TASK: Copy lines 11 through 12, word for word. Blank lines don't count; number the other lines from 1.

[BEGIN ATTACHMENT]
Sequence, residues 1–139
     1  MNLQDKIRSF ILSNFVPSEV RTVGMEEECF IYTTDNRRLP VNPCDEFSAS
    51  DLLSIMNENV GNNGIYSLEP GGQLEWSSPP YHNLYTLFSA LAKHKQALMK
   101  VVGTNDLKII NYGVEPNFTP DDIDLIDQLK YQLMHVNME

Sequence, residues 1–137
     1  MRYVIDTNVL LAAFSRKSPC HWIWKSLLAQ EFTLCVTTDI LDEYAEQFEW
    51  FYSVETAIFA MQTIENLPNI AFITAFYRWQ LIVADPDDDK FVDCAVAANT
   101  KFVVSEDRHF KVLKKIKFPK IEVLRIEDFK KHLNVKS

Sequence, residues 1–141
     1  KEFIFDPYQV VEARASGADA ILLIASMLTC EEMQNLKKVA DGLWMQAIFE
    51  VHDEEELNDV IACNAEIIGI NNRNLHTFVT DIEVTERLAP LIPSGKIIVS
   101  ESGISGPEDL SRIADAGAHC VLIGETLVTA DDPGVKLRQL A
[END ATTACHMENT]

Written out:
    51  VHDEEELNDV IACNAEIIGI NNRNLHTFVT DIEVTERLAP LIPSGKIIVS
   101  ESGISGPEDL SRIADAGAHC VLIGETLVTA DDPGVKLRQL A